VPI Prime Signature
With the Prime series, VPI has really hit something of a modern-day sweet-spot for turntable users. The products have that right combination of authoritative sound quality coupled with great modern style, and good value. The original Prime was the first out of the gates and picked up last year’s Turntable award, and the Prime Signature offers more of the same without too high a price hike.
The main differences between the Prime and Signature are increased aluminium stiffening in the plinth, better isolation for feet and motor, a heavier platter and better materials used in the arm bearing. This adds up to a lot more turntable, whether lifting it, or playing it! In his test, Hi-Fi+ Editor Alan Sircom thought that “The Prime Signature always has its feet on the ground, and presents a sound that is solid and stentorian in its depth and range, but also possessed of a sense of musical structure and remarkable midrange openness and, although it sounds almost paradoxical following the use of words like ‘solid’, filigree beauty at the top.” He also believed “the Prime Signature retains that elusive property that VPI got so right on the Prime, and the Classic before that, for that matter. It makes music enjoyable.”
We love the Kuzma 4Point and especially love the Kuzma 4Point 14 tonearms, but they make imposing demands on the turntable. The size and weight involved put them beyond most suspended designs, and possibly even some smaller solid plinth models. They are also, by their very nature, uncompromising designs in terms of set-up and are ultimately made for the kind of person who might choose to adjust the VTA between each record... because they can, and often because they must. What the high-end world needs is an arm with the performance of the 4Point for the rest of us: an arm with all of the strengths of the 4Point, but in a slightly more convenient package for a wider audience.
The 4Point 9, nine-inch tonearm perfectly fits that bill, making for a smaller footprint, a lighter arm, and a more flexible design. In the process, the tonearm foregoes the on-the-fly adjustment of its older brothers, but this seems to help make the arm more readily accessible to a wider range of turntables, even including Kuzma’s own Stabi S and SD entry-level decks, and even fit on suspended turntables. Best of all, sonically speaking, it retains much of what makes the 4Point so vaunted among turntable enthusiasts the world over.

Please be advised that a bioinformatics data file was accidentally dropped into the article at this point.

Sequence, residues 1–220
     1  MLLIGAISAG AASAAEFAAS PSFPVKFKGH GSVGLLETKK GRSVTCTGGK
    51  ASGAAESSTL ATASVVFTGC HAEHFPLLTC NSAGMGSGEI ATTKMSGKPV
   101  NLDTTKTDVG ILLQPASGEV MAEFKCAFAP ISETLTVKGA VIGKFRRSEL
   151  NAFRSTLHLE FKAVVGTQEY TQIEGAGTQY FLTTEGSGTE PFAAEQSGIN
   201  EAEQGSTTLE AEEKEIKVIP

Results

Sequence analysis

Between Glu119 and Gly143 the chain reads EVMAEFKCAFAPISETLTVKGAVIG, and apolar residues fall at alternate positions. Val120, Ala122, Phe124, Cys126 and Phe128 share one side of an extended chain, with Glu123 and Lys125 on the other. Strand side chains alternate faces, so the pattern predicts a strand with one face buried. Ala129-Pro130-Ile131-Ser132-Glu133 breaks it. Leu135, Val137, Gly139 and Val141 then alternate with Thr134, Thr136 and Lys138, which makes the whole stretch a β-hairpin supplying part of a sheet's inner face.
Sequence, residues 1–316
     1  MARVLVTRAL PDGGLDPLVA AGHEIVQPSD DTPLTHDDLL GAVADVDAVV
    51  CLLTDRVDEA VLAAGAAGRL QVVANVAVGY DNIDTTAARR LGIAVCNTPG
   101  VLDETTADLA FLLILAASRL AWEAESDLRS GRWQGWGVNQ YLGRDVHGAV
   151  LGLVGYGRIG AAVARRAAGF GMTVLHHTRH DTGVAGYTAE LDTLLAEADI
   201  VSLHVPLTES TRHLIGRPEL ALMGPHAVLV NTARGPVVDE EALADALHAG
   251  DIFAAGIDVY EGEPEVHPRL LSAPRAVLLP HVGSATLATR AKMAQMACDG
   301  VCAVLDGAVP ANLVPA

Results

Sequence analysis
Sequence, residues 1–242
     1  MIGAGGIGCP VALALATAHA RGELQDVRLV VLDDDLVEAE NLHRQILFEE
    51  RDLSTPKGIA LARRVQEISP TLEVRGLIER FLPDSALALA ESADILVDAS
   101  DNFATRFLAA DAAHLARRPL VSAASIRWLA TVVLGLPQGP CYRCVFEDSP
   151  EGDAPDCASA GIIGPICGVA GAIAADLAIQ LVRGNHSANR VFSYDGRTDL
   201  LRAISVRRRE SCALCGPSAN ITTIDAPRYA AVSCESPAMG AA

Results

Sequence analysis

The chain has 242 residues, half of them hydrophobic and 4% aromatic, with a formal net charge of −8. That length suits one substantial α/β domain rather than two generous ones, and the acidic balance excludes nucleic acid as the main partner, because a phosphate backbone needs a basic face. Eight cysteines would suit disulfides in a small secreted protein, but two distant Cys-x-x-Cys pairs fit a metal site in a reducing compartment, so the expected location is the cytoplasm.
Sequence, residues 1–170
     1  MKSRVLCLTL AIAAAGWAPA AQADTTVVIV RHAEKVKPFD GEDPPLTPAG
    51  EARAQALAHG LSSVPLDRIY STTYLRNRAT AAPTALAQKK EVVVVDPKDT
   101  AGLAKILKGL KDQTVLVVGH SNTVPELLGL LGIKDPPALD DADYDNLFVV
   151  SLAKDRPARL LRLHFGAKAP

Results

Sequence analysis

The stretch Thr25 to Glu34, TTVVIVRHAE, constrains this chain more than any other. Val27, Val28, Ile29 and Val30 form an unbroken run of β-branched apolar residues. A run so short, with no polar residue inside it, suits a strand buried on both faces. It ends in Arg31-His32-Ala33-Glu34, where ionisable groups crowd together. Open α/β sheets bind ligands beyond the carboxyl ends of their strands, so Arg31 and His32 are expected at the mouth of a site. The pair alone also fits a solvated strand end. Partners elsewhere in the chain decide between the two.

Review to follow
There is a process of continuous development and improvement taking place at Transfiguration. Legendary designer Seiji Yoshioka keeps improving the performance of all the models in the line, but especially the flagship Proteus moving coil cartridge. While the Proteus still features an aluminium body, solid boron cantilever with PA diamond stylus, neodymium magnets, and an internal impedance of just one Ohm, the principle changes are fewer coil windings, and the use of higher purity silver in those coils. The damper compound has also been changed, but Transfiguration keeps the chemical composition of its dampers a deep secret.
Hi-Fi+ expert and Transfiguration aficionado Jason Kennedy was impressed the latest Proteus’, “even greater realism and musical engagement in the context of remarkable image depth and scale” adding that, “I love the way that the Proteus can present such rich detail without any tendency to sound analytical.”
Reviewed in partnership with the Vertere MG-1 turntable and SG-1 tonearm (both strong contenders for turntable and tonearm of the year in their own rights), the Vertere Phono-1 impressed us for its ability to cope with ridiculously difficult cartridge loads quietly and enthusiastically. This one-input, single output, solid-state MM/MC stage is designed to have maximum flexibility in cartridge loading. It has two sets of DIP switches flanking the shielded central RIAA and preamplifier stages. It’s use with less ‘impossible’ cartridges is almost completely noiseless and yet effortlessly dynamic and detailed.
In testing the PHONO-1 Hi-Fi+ Editor Alan Sircom felt that “the PHONO-1 is one of the most naturally sounding phono stages I’ve heard in a long time,” and even when used with a cartridge with an output of just 0.1mV “the only limitation it presented was the phono stage didn’t go quite as loud as possible.” This is clearly a top-notch phono stage in a small package, with a £999 price tag that utterly belies its actual performance. Think of the PHONO-1 as a truly high-end phono stage that forgot to get too expensive!